Tristram Hunt v nuns: snobbery and vanity are destroying Labour
What has Tristram Hunt got against nuns? Was he once trapped in a lift with a dozen of them? Or was he subject to a brutal rapping of the knuckles with a ruler at an impressionable age?
Whatever the truth, his apparent view on BBC Question Time that a panellist’s experience of education was irrelevant because she was taught by the sisters is an indictment of modern Labour's elitism. If I was a nun, I’d run against Hunt at the next election. And my party would be called “Nun of the Above.”
Snobbery is fast becoming a nasty habit for Labour.
It wasn’t long ago that Emily Thornberry tweeted a picture of house festooned with England flags and had to resign. Why? Her defenders argued that it was just an innocent pic of an unusual house – much like Hunt’s friends will doubtless say that he was simply pointing out that nuns are an unusual class of teacher.
But if Thornberry and Hunt (which sounds like the worst TV detective show on ITV4) were innocent of elitism then why did Thornberry have to go and why is everyone up in arms about Hunt? Because the public knows when a politician is laughing at them. In Hunt's case it helps that 9 times out of 10 he's physically laughing at them: his default face is a raised eyebrow and a fixed sneer.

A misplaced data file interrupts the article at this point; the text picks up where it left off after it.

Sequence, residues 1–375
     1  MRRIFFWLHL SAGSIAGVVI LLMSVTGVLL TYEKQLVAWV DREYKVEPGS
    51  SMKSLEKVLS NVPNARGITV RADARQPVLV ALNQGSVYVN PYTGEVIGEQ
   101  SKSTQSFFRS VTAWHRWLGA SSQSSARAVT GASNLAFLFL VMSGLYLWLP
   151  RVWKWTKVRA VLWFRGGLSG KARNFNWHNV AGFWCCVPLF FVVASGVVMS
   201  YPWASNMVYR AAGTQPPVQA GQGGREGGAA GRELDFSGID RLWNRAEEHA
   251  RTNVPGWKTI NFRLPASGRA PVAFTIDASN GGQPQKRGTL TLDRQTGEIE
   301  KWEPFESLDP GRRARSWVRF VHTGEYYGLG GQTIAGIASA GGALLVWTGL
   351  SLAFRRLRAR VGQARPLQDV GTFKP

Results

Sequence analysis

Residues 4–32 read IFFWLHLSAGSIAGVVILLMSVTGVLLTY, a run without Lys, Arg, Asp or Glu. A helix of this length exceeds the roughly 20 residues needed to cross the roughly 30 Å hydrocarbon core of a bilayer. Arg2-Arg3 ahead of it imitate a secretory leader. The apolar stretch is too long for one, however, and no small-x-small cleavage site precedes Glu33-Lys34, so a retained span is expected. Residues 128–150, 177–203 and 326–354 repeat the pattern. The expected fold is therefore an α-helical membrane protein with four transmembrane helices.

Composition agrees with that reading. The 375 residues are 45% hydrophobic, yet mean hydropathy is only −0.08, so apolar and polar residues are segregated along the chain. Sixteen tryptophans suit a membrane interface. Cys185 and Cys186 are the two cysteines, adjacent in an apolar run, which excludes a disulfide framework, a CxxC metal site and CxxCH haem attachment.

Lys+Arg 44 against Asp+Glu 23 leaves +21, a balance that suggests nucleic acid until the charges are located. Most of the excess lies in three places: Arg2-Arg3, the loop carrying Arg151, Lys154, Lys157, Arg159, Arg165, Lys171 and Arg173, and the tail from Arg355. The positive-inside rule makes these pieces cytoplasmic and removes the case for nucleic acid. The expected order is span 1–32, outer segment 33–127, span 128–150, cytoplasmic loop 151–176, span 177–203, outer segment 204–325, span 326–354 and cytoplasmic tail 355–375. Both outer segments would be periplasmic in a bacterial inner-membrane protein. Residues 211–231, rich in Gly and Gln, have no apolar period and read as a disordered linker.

The dislocation between his socialist words and having the expression of a Tory squire bemused to find people begging on his land is at the core of why many folks just don’t trust him.
Tristram Julian William Hunt, FRHistS, is the embodiment of the worst qualities of Fabian socialism: people who get a kick out of authority. Hunt is every self-important teacher, nosy social worker and contemptuous bureaucrat that you’ve ever met.